Now that we’re done with our annual yogic vigil of the summer solstice and our cosmic karma has been rebalanced, it’s time for us to concede that we’re not really very good food bloggers. Not that any remaining readers won’t have noticed this of late, given the infrequency of our postings, but hey, karmic balance is a lengthy and troublesome business don’t you know. However, I refer not to our lack of new content as much as to the fact that until comparatively recently we hadn’t tried garlic scapes.
A few years back there was an explosion in the popularity of semi-wild springtime comestibles like morels, wild garlic, nettles and fiddlehead ferns, as if they had never existed before and if you weren’t blogging about how amazing this annual foragable bounty was then you were either terribly gauche or just plain old-fashioned. To our credit, we did do our best to surf this trend and did at least one post featuring morels, even going so far as to dig up a clump of wild garlic we found growing in our local NYC park and transplant it in a pot on our balcony, but it never really caught on with us.
In truth this is probably because we live in Brooklyn where the closest things to wild are the noises coming out of the adjacent tenement building on a warm summer night, so that all these wild spring greens are only available from the farmer’s market, which somehow defeats the object.
Unknowingly, last fall, just like the previous year we planted regular garlic from the grocery store in our small weedy plot out back and thought nothing more of it. With the mild weather, it grew throughout the winter, maturing much earlier than we had expected, so that during early May we witnessed a peculiar phenomenon. Out of each of our plants sprouted a thin, fibrous tendril, like an elongated stick insect or a witches’ finger, that shot skyward for about a foot, seemingly overnight. Realizing that we no longer needed to choose between getting fleeced by gentlemen farmers from the Hudson Valley for a pound of chewy scapes or buying groceries for the week, we harvested and sauted them as an accompaniment to a pan-fried fillet of sea bass and some creamy polenta.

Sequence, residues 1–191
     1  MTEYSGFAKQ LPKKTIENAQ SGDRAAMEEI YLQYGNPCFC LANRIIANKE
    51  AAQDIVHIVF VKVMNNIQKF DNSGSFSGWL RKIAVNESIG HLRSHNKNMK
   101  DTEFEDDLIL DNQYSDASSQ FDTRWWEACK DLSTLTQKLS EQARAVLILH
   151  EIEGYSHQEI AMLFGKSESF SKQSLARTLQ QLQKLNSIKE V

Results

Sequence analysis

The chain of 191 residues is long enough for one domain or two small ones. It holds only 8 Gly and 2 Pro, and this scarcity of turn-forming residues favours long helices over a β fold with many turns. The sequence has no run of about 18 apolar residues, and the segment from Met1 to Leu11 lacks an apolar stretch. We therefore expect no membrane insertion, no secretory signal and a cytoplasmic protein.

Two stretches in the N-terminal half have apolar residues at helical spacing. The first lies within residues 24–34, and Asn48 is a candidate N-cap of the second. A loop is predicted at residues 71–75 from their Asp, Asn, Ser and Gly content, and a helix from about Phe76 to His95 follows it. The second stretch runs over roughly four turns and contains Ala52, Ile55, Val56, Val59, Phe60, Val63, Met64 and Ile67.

For those of you who haven’t had the pleasure of a garlic scape yet, they are (almost) worth the hype. They are like a garlicky green bean, with all the crunch of the whole bean and a delightfully mild yet pungent aroma of garlic. Most recipes call for making them into a pesto, which sounds perfectly good too, but favors aroma over texture. Our recipe has both. We have since harvested our fully grown garlic bulbs and only learned now that they are probably larger because we harvested the scapes which would otherwise have stolen vital plumpness and invested it into producing reproductive flowers. Happily, garlic is a peculiar, self-cloning creature that requires no pollination to reproduce, so all we need to do is save the largest of this year’s crop for planting in the fall and we should get even larger bulbs and more scapes next year. How’s that for cosmic balance?
Pan-Fried Sea Bass Fillet with Garlic Scapes and Sauce Gribich (feeds 2)
- 1lb sea bass, filleted, skin on
- 1 tablespoon flour or cornstarch
- 1/2lb garlic scapes, chopped into 4-6 inch lengths
- 2 tablespoons neutral oil for frying
For the sauce gribiche:
- 3oz cornichons, chopped finely
- 1 tablespoon capers, chopped finely
- 1/2 cup regular full-fat mayonnaise
- 2-3 tablespoons finely chopped flat leaf parsley
- 2 smallish or 1 large hardboiled eggs, chopped finely
- 1/2 tablespoon of chives, chervil, and/or tarragon
- a couple of squeezes of lemon juice or splashes of red wine vinegar to taste
- 1/2 shallot, finely minced
- 2 teaspoons smooth Dijon mustard
- 3 tablespoons extra virgin olive oil
- salt and pepper to taste
- Sprinkle sea bass fillet with salt and pepper and flour lightly (or cornstarch)
- Heat oiled pan to medium high and cook fillets skin side down for 3 minutes, or until crispy and golden, flip gently and cook for another minute or so, until just cooked through.
- Reserve fillets in a barely warm oven, and seasoning the garlic scapes with salt and pepper, saute in same pan/oil on a slightly lower heat, medium-ish, until wilted but still nice and crunchy.
- Remove from pan and serve with sea bass and sauce gribiche – see below.